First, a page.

Gerry Mulligan: Lady Chatterley's Mother
Lady Chatterley's Mother
Gerry Mulligan and the Concert Jazz Band
Gerry Mulligan and the Concert Jazz Band at the Village Vanguard (Verve V6- 8396)
Nick Travis, Don Ferrara (trumpets), Willie Dennis (trombone), Alan Raph (bass trombone), Gene Quill, Bob Donovan (alto saxes), Jim Reider (tenor sax), Gene Allen (baritone sax), Bill Crow (bass).
Composed & arranged by Al Cohn.
Recorded: live at the Village Vanguard, New York, December 11, 1960
Rating: 92/100 (learn more)
Gerry Mulligan's early '60s Concert Jazz Band was one of the most musically influential big bands of its time. That influence carries on today, as this band was the spiritual forerunner of the Thad Jones-Mel Lewis band, which begat the Mel Lewis Jazz Orchestra, which begat the present-day Vanguard Jazz Orchestra. The CJB's slightly reduced instrumentation, with one less player in each section than was and still is customary in big bands, gave it a unique and original lightness and transparency.
The supreme irony of this band is that Mulligan originally formed it as a vehicle for his own writing, but the demands of running the business side of things, combined with pressing matters in his personal life, left him little time for writing. As a result, Bob Brookmeyer assumed the role of straw boss and de facto music director, handling the bulk of the writing. The band's book was filled out by works from such outstanding writers as Bill Holman, Johnny Mandel, John Carisi, George Russell, Gary McFarland, and Al Cohn, among others.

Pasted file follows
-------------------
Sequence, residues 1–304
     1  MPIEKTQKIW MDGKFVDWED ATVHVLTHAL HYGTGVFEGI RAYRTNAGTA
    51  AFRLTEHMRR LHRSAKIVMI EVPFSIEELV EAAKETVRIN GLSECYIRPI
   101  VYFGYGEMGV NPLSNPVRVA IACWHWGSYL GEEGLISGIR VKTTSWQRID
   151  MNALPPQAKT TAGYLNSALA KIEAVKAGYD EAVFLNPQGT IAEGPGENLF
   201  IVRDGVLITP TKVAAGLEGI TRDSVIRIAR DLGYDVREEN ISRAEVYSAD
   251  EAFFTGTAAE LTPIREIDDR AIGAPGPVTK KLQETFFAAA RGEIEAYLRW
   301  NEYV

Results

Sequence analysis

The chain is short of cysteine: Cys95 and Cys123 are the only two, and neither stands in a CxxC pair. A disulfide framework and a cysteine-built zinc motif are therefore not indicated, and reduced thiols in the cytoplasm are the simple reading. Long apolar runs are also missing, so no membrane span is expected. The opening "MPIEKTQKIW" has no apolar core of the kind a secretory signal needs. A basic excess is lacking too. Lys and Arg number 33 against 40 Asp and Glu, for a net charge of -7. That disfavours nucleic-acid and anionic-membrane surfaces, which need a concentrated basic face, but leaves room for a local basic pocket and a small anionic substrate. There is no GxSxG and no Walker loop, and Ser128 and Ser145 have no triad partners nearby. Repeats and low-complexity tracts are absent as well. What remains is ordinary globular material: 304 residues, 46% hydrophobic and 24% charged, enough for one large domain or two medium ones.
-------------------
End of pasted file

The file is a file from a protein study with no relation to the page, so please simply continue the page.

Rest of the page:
"Lady Chatterley's Mother" is perhaps Al Cohn's finest work for the CJB. It is a lively 40-bar theme in AABA form with a distinctive 16-bar bridge. Brookmeyer, Terry and Mulligan contribute characteristically fine solos, and there is a dazzling sax soli with Mulligan joining the section. The sax soli is followed by a great ensemble passage in which Cohn derives maximum intensity using minimum density by pitting a declarative unison line in the trumpets against a pedal tone in the lower horns, with no harmony in between, thus providing a great lesson for today's voicing-obsessed big band writers.
Reviewer: Kenny Berger